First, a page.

Natural images may lie on a union of disjoint manifolds rather than one globally connected manifold, and this can cause several difficulties for the training of common Generative Adversarial Networks (GANs). In this work, we first show that single generator GANs are unable to correctly model a distribution supported on a disconnected manifold, and investigate how sample quality, mode dropping and local convergence are affected by this. Next, we show how using a collection of generators can address this problem, providing new insights into the success of such multi-generator GANs. Finally, we explain the serious issues caused by considering a fixed prior over the collection of generators and propose a novel approach for learning the prior and inferring the necessary number of generators without any supervision. Our proposed modifications can be applied on top of any other GAN model to enable learning of distributions supported on disconnected manifolds.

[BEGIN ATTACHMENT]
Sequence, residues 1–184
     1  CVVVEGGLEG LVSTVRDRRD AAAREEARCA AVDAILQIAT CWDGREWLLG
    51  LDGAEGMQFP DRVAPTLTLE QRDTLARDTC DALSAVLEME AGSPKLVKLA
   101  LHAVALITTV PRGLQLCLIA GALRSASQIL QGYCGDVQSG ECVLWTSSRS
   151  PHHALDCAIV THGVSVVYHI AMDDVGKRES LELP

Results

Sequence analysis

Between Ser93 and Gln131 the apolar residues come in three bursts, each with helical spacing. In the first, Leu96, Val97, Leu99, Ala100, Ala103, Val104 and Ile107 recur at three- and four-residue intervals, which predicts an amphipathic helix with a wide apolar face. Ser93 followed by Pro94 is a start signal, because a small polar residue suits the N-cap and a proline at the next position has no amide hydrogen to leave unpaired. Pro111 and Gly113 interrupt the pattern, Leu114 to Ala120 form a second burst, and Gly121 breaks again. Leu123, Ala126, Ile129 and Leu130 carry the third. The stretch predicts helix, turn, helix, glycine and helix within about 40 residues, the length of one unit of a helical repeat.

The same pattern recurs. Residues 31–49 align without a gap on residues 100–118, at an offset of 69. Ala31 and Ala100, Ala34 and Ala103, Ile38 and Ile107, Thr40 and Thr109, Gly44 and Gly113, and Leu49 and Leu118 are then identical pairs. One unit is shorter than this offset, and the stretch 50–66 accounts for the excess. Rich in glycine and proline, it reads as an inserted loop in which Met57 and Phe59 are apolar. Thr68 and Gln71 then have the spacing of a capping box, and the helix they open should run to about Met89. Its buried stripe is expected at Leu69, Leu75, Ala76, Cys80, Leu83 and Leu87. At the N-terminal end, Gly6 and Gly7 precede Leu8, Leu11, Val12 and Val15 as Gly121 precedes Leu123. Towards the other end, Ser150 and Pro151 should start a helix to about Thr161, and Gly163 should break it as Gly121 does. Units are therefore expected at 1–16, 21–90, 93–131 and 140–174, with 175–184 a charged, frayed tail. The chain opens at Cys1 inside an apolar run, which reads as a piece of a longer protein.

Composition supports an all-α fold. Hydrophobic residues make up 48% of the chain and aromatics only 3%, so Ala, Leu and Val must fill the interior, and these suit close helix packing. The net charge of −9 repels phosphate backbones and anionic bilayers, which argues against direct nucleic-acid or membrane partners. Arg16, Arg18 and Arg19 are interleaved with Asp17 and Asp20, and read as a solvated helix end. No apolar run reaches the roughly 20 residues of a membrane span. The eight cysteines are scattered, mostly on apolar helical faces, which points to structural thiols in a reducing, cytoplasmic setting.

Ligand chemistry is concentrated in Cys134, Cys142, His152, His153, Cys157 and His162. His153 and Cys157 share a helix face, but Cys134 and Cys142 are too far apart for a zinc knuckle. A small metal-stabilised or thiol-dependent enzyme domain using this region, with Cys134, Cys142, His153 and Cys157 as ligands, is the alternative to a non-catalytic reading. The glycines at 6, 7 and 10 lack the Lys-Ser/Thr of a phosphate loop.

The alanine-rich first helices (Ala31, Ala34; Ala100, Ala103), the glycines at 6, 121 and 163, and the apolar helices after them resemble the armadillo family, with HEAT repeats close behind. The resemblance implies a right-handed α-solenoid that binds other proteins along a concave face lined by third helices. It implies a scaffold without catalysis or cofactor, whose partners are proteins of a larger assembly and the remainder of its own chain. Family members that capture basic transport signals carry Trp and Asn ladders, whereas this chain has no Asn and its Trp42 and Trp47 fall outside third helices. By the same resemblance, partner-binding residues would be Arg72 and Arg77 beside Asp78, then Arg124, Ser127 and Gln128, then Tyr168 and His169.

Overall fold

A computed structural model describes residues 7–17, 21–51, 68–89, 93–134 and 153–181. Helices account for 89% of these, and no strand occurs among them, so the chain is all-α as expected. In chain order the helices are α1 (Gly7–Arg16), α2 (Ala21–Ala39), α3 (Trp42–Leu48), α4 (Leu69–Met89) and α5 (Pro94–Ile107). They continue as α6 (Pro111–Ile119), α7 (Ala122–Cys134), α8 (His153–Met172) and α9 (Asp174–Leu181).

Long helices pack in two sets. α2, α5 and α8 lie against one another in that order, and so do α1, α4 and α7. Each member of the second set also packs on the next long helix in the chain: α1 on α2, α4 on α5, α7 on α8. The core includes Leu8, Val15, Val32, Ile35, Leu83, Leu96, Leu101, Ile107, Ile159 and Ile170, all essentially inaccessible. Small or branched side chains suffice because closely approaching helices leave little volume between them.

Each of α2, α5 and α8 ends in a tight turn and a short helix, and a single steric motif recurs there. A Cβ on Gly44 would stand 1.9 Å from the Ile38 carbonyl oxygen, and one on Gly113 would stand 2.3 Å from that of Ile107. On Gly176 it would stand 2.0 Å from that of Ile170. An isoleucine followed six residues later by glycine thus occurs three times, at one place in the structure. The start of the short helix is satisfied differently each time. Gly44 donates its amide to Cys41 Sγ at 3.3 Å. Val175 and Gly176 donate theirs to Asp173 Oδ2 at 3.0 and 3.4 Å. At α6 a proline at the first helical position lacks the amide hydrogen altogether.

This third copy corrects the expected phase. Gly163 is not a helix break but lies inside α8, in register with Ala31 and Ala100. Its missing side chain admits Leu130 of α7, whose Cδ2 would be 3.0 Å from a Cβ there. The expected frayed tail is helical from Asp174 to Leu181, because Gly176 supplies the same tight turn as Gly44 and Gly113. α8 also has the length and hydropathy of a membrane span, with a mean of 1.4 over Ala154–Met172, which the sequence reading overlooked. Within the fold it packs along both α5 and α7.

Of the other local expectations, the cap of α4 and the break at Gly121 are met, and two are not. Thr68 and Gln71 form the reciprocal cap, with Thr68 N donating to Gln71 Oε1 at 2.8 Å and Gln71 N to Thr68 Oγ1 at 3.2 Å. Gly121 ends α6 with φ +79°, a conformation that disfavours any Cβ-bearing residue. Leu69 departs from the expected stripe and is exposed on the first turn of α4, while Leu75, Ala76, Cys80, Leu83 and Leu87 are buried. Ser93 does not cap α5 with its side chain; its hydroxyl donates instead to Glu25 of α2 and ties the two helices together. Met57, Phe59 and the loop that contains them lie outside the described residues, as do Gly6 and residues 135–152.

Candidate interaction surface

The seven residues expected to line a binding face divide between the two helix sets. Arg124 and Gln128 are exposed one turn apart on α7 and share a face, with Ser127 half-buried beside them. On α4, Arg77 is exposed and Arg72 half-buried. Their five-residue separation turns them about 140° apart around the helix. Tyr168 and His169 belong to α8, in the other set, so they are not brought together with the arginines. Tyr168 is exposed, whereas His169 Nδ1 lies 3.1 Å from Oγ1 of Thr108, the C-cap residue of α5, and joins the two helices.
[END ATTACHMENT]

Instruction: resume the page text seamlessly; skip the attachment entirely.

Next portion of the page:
Binary classifiers are employed as discriminators in GAN-based unsupervised style transfer models to ensure that transferred sentences are similar to sentences in the target domain. One difficulty with the binary discriminator is that error signal is sometimes insufficient to train the model to produce rich-structured language. In this paper, we propose a technique of using a target domain language model as the discriminator to provide richer, token-level feedback during the learning process. Because our language model scores sentences directly using a product of locally normalized probabilities, it offers more stable and more useful training signal to the generator. We train the generator to minimize the negative log likelihood (NLL) of generated sentences evaluated by a language model.